Santiago de Vera

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Santiago de Vera
6th Governor and Captain-General of the Philippines
In office
May 16, 1584 – May 1590
Preceded by Diego Ronquillo
Succeeded by Gómez Pérez Dasmariñas

Santiago de Vera was a native of Alcalá de Henares, Spain and the sixth Spanish governor of the Philippines, from May 16, 1584 until May 1590.[1](pp286–287)

Governorship[edit]

Governor Gonzalo Ronquillo de Peñalosa and Domingo de Salazar, the first bishop of Manila, had requested the King of Spain to establish the Supreme Court of the Philippines then called the Audiencia, to settle disputes between the Church and State. In 1584, three judges arrived from Mexico and started the justice court with De Vera serving as the chief justice.[2]

After the sudden death of Governor Peñalosa, Diego Ronquillo, his nephew became the governor ad interim but was later charged for defalcation in the trust of Peñalosa's estate and was sent back to Spain as a prisoner. As the chief justice of the court, Santiago de Vera succeeded as the governor of the islands on May 16, 1584.[3](p16)

First houses of stone[edit]

Ground plan of the Fort of Nuestra Señora de Guia built by Santiago de Vera in 1587

Following the great fire of Manila on March 19, 1583, which started during the wake of Governor Gonzalo Ronquillo de Peñalosa at the San Agustin Church, Santiago de Vera made an order that all construction in Manila should be of stone. It was found that stone could be easily cut near the banks of the Pasig in Guadalupe (now Guadalupe Viejo in Makati) and brought to Manila in boats.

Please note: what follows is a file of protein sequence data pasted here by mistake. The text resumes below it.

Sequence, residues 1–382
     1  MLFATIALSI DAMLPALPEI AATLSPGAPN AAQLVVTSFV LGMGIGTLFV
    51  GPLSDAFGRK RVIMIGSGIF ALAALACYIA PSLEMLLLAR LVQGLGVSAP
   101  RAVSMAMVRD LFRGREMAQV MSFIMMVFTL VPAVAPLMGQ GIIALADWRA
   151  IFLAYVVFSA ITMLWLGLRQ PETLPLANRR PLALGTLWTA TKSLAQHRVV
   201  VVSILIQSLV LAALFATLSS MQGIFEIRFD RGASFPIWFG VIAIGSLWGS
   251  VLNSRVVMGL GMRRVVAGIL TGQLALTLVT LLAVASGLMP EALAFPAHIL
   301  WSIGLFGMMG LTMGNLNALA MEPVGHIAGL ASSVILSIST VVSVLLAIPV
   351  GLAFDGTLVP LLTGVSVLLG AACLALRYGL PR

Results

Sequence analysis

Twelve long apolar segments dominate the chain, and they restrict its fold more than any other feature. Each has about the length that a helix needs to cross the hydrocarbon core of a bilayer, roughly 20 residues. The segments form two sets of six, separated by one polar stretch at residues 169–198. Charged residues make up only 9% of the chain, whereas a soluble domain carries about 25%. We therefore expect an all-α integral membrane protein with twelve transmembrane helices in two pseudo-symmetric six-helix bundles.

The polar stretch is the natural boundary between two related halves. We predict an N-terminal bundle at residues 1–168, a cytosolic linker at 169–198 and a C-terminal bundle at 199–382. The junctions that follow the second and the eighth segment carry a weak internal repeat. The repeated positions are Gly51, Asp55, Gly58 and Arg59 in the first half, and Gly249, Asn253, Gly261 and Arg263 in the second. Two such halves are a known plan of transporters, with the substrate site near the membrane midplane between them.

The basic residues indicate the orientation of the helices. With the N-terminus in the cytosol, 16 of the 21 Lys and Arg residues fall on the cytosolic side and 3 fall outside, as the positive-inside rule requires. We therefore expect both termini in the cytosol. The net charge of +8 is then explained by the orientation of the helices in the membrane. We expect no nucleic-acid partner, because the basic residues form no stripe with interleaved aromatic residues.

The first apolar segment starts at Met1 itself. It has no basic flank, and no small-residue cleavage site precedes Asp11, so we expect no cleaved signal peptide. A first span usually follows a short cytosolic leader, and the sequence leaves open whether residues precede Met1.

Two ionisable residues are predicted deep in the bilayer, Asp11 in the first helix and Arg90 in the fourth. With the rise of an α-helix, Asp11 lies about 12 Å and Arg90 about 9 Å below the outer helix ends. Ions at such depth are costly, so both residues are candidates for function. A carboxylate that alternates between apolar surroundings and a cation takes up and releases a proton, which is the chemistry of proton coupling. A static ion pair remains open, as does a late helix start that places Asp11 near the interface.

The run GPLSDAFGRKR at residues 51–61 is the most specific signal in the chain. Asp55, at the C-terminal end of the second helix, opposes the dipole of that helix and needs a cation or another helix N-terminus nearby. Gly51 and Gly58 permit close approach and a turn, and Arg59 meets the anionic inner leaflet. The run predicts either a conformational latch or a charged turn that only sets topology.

Fort of Nuestra Señora de Guia[edit]

He also built the first stone fort of Manila called Nuestra Señora de Guia (Our Lady of Guidance) in 1587 located at the present location of San Diego Bastion (Baluarte de San Diego) at the southwestern corner of Intramuros with plans by a Jesuit named Sedeño. The artillery for this fort was cast by Panday Pira.[2][3](p299)

De Vera also began to dig the moat which surrounded the city. He also built a stone breastwork along the Pasig riverfront. The great wall was not begun till the rule of Gómez Pérez Dasmariñas.[2]

References[edit]

  1. ^ BLAIR, Emma Helen & ROBERTSON, James Alexander, eds. (1904). The Philippine Islands, 1493–1898. Volume 17 of 55 (1609–1616). Historical introduction and additional notes by Edward Gaylord BOURNE; additional translations by Henry B. Lathrop. Cleveland, Ohio: Arthur H. Clark Company. ISBN 978-1426486869. OCLC 769945708. Explorations by early navigators, descriptions of the islands and their peoples, their history and records of the catholic missions, as related in contemporaneous books and manuscripts, showing the political, economic, commercial and religious conditions of those islands from their earliest relations with European nations to the close of the nineteenth century. 
  2. ^ a b c Jernegan, Prescott F. (1905). "A Short History of the Philippines for use in Philippine schools", p.104. D. Appleton and Company, New York.
  3. ^ a b BLAIR, Emma Helen & ROBERTSON, James Alexander, eds. (1903). The Philippine Islands, 1493–1898. Volume 06 of 55 (1583–1588). Historical introduction and additional notes by Edward Gaylord BOURNE. Cleveland, Ohio: Arthur H. Clark Company. ISBN 978-0554338217. OCLC 769945230. Explorations by early navigators, descriptions of the islands and their peoples, their history and records of the catholic missions, as related in contemporaneous books and manuscripts, showing the political, economic, commercial and religious conditions of those islands from their earliest relations with European nations to the close of the nineteenth century. 
Political offices
Preceded by
Diego Ronquillo
Governor and Captain-General of the Philippines
1584–1590
Succeeded by
Gómez Pérez Dasmariñas